An expansion slot is a laser-cut slot on the blade plate designed to disperse heat and prevent blade deformation caused by overheating. The process of cutting, even under ideal circumstances, involves a lot of friction. While the teeth of the blade are removing material, they are also rubbing against the sides of the kerf and the tip of the tooth rubs against the material in the path of the cut. This friction can generate an amazing amount of heat, enough to singe the wood and even warp the saw blade. The saw blade is quite hot even after cutting; you can easily get burned if you just tap it with your hand for a second when trying to unmount it off the circular saw. The best way to avoid burns is to leave blade running for a minute or two after cutting. However, this does not solve the problem with overheating.
High Temperature and Warping
As the temperature of metal increases, it tends to expand, obeying the laws of thermodynamics. However, the temperature of the blade will normally not be consistent across the whole area of the plate, forcing it to expand unevenly. Generally speaking, the plate of the blade gets hotter than the teeth, although the teeth are experiencing the majority of the friction. Even though the teeth have the most friction, they are also are cooled the most by air movement. So, as the plate expands, it needs somewhere to go. Since the outer edge of the plate, where the teeth are attached is not as hot, it isn’t expanding as much. Most saw blades have coated teeth, meaning the outer edge is even more solid. That leaves only one direction for the plate to expand, deforming towards the side. This is what causes warping.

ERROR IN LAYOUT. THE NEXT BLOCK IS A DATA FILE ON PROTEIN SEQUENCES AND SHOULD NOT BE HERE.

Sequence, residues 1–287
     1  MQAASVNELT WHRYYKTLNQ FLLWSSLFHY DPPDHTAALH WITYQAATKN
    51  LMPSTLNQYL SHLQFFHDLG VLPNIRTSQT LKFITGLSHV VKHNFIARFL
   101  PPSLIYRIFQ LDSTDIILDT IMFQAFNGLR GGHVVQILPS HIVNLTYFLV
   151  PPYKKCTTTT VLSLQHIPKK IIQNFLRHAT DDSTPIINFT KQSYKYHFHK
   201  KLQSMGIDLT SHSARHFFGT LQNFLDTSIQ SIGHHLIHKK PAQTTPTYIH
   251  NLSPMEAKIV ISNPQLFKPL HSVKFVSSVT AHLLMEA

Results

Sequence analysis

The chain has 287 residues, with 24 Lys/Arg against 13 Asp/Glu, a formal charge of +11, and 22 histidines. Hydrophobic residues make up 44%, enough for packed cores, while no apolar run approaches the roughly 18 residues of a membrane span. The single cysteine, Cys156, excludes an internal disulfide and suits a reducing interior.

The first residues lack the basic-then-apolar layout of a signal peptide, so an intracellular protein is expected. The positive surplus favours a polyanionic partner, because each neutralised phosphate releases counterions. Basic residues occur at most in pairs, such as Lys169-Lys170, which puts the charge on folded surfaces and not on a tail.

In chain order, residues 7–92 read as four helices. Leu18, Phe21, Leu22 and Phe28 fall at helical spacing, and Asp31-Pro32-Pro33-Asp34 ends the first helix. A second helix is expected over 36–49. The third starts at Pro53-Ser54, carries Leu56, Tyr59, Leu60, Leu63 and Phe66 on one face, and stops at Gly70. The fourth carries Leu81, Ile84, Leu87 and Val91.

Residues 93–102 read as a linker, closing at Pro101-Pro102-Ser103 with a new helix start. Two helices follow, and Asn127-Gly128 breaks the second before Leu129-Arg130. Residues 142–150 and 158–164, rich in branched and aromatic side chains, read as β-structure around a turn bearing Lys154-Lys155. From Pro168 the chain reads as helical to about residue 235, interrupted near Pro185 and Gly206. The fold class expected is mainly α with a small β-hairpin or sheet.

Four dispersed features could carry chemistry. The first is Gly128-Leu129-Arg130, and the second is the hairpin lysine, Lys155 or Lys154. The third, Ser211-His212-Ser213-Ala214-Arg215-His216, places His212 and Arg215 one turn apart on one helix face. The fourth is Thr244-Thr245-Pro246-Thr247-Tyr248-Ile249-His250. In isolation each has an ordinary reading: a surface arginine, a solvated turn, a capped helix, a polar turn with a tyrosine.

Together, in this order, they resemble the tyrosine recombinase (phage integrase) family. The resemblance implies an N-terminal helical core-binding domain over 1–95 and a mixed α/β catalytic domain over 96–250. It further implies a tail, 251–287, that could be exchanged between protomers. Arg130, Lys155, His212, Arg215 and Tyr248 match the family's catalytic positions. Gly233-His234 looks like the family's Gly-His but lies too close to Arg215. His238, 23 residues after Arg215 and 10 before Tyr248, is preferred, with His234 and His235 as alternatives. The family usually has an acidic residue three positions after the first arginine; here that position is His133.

Warped saw blades become garbage, so it is helpful to be able to prevent them from expanding unevenly, to avoid the risk of warping. One way in which this is done is to use denser alloys in the blade plate. Another is by laser cut slots periodically through the blade plate. Engineers thought of this idea to allow the expansion of the saw blade “inside” itself. Although these slots look like they are done for artistic purposes, they aren’t; they are there so that they can absorb the expansion of the metal, preventing blade warping.
The blade rotation simultaneously means airflow through the laser-cut plate, which cools it rapidly. That’s one benefit of laser-cut slots; they serve as the ventilation slots. If the blade is so hot after you finish the job, imagine what happens during the operation, at the moment when blade slices through the lumber or plastics! These expansion slots also play a part in reducing blade vibration. With many blade designs, the ends of the expansion slots are connected to holes in the center of a saw blade, positioned towards the arbor. These rounded holes are there to reduce vibration. At times, anti-vibration holes are filled with a softer metal, such as copper or brass inserts, which also helps to suppress the vibration of the blade by distributing shock over the entire plate. Such copper plugs inserted at the end of an expansion slot also reduce the noise and help to dissipate heat, extending the life of a saw blade. Vibration is a problem in saw blades, because it, along with warping, are what cause the curved cut marks you see in a freshly cut piece of wood. By reducing vibration and the risk of warping, a blade will run truer, with one tooth faithfully following the path created by the other. That ultimately results in a smoother finish, with less visible tool marking (those curved cut marks).
When handling saw blades, especially immediately after cutting, be extremely careful of heat. It is not uncommon for blades to become hot enough to burn your fingers. However, blades which are left running after the cut cook quickly; acting as their own ventilator. The expansion slots help with this, acting much like small fan blades to force the air to move. An ability to resist shocks, lower cooling time, less noise and power consumption are just some of the advantages.